4 tips for securing a small business loan » SMEInsider

4 tips for securing a small business loan

Despite the economic recovery, many SMEs still struggle to secure funding from the traditional providers. If you’re just starting out, investing in your company is a risky enterprise from the banks’ perspective. However, there are things you can do to give yourself a better chance of getting your loan application approved.

Make a strong business plan

Your lender is most concerned with three things: how much you want to borrow, how you plan to use the money, and, most importantly, how you’ll pay it back.

Your business plan should demonstrate how you expect to pay back your loan by covering your objectives, strategies, and financial forecasts. It should describe what your business does, the state of the market you’re entering, and who your competitors are, in clear and impartial language. Present it in an organised way, so that your banker can easily find sections to reread.

Know your outgoings and incomings to the penny

Both banks and alternative lenders will want to see how your business is performing before they decide to finance you. Before you fill in that loan application, bring together all of your company’s financial records, including cash flow, balance sheets, profit and loss projections, recent tax returns and any collateral you may have. Projections must be achievable, or even better, backed by confirmed orders.

It’s a big task, so consider investing in an accountant to crunch the numbers. It could be an invaluable investment in the long run.

Understand exactly what you’ll need the loan for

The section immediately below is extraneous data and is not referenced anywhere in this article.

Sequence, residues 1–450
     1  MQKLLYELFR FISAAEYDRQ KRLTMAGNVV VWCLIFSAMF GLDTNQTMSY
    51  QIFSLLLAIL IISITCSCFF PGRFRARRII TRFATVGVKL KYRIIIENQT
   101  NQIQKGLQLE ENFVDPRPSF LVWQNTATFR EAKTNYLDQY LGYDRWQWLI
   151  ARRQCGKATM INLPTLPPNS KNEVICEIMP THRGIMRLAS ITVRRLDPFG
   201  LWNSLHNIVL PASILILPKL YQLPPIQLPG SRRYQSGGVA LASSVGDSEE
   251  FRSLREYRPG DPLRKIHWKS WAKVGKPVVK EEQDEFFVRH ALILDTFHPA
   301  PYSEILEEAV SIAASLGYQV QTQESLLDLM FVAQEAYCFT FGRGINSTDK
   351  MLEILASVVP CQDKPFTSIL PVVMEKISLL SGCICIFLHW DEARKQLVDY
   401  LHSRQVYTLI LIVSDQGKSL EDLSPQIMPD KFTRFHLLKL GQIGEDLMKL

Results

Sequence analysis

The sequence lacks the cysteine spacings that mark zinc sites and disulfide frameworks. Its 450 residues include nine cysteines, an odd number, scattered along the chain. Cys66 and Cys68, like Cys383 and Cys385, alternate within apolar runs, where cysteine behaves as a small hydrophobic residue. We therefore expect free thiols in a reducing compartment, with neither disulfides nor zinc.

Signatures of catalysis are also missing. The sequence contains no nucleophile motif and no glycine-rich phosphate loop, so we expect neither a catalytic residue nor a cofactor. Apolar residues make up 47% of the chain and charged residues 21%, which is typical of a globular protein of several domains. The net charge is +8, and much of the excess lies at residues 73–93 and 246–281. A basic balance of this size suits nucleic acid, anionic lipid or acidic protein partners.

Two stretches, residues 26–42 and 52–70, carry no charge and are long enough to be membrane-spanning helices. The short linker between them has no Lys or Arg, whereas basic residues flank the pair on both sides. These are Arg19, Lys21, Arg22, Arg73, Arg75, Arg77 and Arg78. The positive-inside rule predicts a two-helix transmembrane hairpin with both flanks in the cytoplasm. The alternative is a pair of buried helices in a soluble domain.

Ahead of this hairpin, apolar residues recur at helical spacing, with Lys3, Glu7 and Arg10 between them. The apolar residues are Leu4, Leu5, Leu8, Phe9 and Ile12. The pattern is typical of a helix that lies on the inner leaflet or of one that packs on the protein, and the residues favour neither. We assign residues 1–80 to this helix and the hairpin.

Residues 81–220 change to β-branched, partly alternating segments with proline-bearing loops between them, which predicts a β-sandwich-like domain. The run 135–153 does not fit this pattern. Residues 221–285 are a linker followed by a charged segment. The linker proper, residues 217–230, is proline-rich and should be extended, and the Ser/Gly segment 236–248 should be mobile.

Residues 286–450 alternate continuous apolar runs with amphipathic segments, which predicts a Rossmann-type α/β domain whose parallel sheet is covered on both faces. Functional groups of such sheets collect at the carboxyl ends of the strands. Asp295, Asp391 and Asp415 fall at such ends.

…and will it make you more profitable? If not, you should reconsider applying for a loan.

However, if you’re confident a cash injection is going to boost your revenues, go for it. Draw up a budget so all parties are clear on how the money will be allocated, and figure out how much the loan will cost to pay back, taking interest rates and fees into account. Even if you think you’ll be able to pay off your loan with no problems, it’s a good idea to have a contingency plan in place for your own peace of mind.

Do your research

Are you sure the loan you plan to apply for is the right method of funding for you? The number of available loan options can be dizzying, but if you put some groundwork into finding out the best solution for you, you can ultimately save a lot of money.

New companies may find more success with a peer-to-peer business loan, which tend to offer lower rates, or if your business is already taking money, a revenue advance, where you pay back the loan with a percentage of your takings, might be right for you. These types of funding are also useful for their transparency – you know exactly how much is going to be due each month. Furthermore, if you’re struggling to repay one month, your lender will be more willing to work with find a solution.

  • Bernard lloyd

    Absolute rubbish. I have approached a number of lenders and the common request is for one’s personal income and expenditure as they hardly view and comment on the business plan. The reason for this is quite clear in that the lenders want some kind of security if the business fails and therefore want to make sure that the individual can make the loan repayments in case the business cannot do so. So, please do not confuse any small business that is seeking finance as it is misleading advice. Bernard Lloyd

    • Hi Bernard, thanks for your comment, we appreciate people commenting who have previous experience requesting a loan from a bank.

      Our tips piece intended to cover a number of bases for a variety of small businesses. Some banks may require to see a business plan in order to gain a further insight as to whether the business is profitable. Of course income and expenditure are very important factors.

  • Beverley Cooper-Chambers

    I went to my bank yesterday and they told me I have to be trading for one year before I can qualify for a loan. I find that strange as I wanted a start up loan. It kind of defeats the object of getting a loan. They would not even look at the business plan even though I have been banking with them personally for three years.

    Also I approach Start up Loans the government initiative and they too said I must produce the product, a digital magazine, prove it works and that I have the advertising support then they will fund the development. So I asked them why do you call yourself start up loans. The reply it is just the name of the business. Unhelpful.